And the costume designers really respond to that. They want to be told what the emotion of the scene is. I was really surprised by that. I gotta say, I had envisioned directing being much more technical, almost more mathematical in a way. I feel like it’s much more creative and much more left-brained than that.

Were you concerned about navigating the challenges of doing a prequel? Because the problem is always that we know what is going to happen at some point.

Ad – content continues below

Exactly. I was concerned about it in the sense that it was a blank slate, new family. I had to approach it as if none of these events had happened before. If you are making a film that is in continuity with the others, you have the luxury of standing on their shoulders. You can start the film as if you were saying, “Last time on Insidious, here’s what happened. And now here’s where we are this week, kids.” When you are doing a prequel, you don’t have that. You are building from the ground up. So that was a little nerve racking. But what’s freeing about it is you aren’t constrained by anything. So if you suddenly have a hair-brained idea to do this or that, you are not hemmed in.

If you are telling the story of James Bond’s childhood, you are not hemmed in by his adult qualities. Whereas, if you are making a James Bond film that fits in with the timeline of the movies they make, everybody is coming at you saying, “Well, James Bond wouldn’t do that.” At least if you are making a prequel you can say, “Well, he’s no James Bond yet. He’s just a teenager.” There’s your idea for the next franchise: James Bond as a teenager (laughs). That is quite freeing, I think. That is quite freeing to not be constrained by that. So it’s kind of a give and take.

Were you surprised at how much Elise sort of jumped out and become the lead character? You and James had the experience in Saw with Tobin Bell as Jigsaw and people really responding to him just getting up off the floor in that first movie. Did Elise leap at you the same way when you first created the character? And how much did Lin help in giving her life?

I really liked the character on the page. But when I was writing the first film, I thought of her as a supporting character and it was very much the story of his family. What happened on set is Lin came and she brought her Lin Shaye energy. She’s such an effervescent person. She brought this energy. And it’s a real example of how when you make a film and you finish it, it’s no longer yours. It’s like this balloon that you just let go and it floats off and you never know where it’s going to land. It’s one of the great things about filmmaking, is the fact that other people take ownership of it. Look at Star Wars fans. In their minds, they are now the bosses of that franchise.

So I actually find it flattering when people take ownership of something that I’ve created, because it ultimately means that it’s connected with them. So, in the Insidious world, I found the fans of the film connected with Elise despite us. We weren’t intending for her to be the star of the franchise, but something just clicked. I think it’s just the result of this….it’s Lin Shaye’s energy meets the character, meets the situation. Once I got to this third film, I realized if we weren’t going to deal with the Lamberts, she should really be the star. And I’m so grateful to her for her input into the character.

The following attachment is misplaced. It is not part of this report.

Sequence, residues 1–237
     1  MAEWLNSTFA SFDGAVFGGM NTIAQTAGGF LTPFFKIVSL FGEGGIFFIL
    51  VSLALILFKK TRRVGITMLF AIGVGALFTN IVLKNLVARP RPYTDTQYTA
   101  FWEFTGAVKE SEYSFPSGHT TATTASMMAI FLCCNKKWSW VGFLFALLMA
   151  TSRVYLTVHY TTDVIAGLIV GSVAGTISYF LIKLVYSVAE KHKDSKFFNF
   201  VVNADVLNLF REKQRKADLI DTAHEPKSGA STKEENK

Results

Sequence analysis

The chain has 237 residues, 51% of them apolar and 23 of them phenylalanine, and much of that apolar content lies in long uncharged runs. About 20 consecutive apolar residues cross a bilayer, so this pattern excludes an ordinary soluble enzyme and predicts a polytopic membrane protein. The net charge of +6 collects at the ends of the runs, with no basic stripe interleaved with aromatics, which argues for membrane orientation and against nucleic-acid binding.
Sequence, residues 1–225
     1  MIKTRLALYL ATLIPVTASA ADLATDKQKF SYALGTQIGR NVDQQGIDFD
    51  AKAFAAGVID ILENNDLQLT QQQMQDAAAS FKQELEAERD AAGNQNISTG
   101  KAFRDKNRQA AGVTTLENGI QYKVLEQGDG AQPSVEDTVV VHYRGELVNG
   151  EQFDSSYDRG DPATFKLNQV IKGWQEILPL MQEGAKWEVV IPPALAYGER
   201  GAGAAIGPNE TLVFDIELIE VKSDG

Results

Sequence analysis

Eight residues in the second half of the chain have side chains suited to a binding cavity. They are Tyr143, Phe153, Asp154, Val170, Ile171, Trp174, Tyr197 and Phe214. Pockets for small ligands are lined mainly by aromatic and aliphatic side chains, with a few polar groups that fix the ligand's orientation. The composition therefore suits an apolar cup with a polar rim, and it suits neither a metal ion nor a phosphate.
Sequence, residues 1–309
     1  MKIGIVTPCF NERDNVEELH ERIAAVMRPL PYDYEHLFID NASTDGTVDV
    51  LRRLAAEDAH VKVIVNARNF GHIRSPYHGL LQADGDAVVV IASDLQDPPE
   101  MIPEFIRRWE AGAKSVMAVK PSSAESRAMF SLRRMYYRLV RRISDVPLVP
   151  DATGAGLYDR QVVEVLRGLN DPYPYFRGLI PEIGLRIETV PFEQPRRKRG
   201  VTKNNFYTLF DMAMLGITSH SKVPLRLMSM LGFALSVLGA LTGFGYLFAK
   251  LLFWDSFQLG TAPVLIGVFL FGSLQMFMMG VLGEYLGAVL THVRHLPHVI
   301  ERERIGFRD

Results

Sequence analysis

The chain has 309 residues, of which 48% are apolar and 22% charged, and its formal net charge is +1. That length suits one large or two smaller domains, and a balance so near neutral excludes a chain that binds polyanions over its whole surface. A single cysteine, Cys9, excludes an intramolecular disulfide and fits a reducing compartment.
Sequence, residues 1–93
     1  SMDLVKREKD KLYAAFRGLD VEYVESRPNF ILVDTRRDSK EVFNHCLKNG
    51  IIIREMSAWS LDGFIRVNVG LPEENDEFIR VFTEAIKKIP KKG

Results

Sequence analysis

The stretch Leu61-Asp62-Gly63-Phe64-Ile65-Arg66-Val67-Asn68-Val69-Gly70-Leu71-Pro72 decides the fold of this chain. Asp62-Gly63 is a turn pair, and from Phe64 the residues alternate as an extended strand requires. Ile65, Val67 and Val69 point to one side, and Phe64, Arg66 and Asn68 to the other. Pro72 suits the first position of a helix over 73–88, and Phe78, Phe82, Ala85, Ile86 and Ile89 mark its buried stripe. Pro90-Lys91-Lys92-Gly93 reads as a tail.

Being an actor yourself (he once again plays the paranormal investigator Specs in the new film), do you feel like you have an advantage as a director working with the actors?

Ad – content continues below

I think you do in a way, because you don’t view actors as some sort of annoying roadblock between you and a great movie. I think there are some directors who are so controlling that they see actors as warm props. The actor is in the same category as this coffee table that the production designer picked out.

Care to name names?

(Laughs) Exactly! I think Alfred Hitchcock has a quote about the actors being treated like cattle. I think that is something that’s indicative of a very controlling director with a real Svengali complex about puppeteering everything on the set from the costumes to the humans. Whereas, when you’ve acted before, you know exactly how an actor approaches a film set. When they sit down, where they are at, their mindset, the insecurities, the fears, the hopes.

So, if anything, it allowed me to approach it in a different way and try to cajole them to meet me halfway. I wasn’t trying to puppeteer them to give me exactly what I wanted. I wanted contribution. The trick was giving them a trigger word that would trigger their contribution. Rather than saying, “Say it like this,” which is the death for any actor. I mean any actor hates line readings. I would give them a song. I would say to Dermot Mulroney, “Can you listen to this song for a scene?” I wasn’t sure what he was going to react to. And I wouldn’t ask him what he thought of the song. I just wanted him to go into the scene with something to grab onto. I think that was probably the best benefit of being an actor.

Your next project may be a science fiction film you’ve written called Stem?

Yeah. I have written a film called Stem.  I wrote it a couple of years ago. I’m not sure it will be a film I’ll direct. But I really love the idea. I actually wrote it a few years ago and wasn’t even thinking of directing it. But it’s been one of those scripts that floats around. So yeah, I’m excited. I’m going through a real sci-fi phase, especially contained sci-fi. I mean I love big bang sci-fi as much as the next guy, but I really love low budget science fiction movies. You can say they are low budget movies with big ideas, like the original Terminator. I’d love to make something in that vein.

Ad – content continues below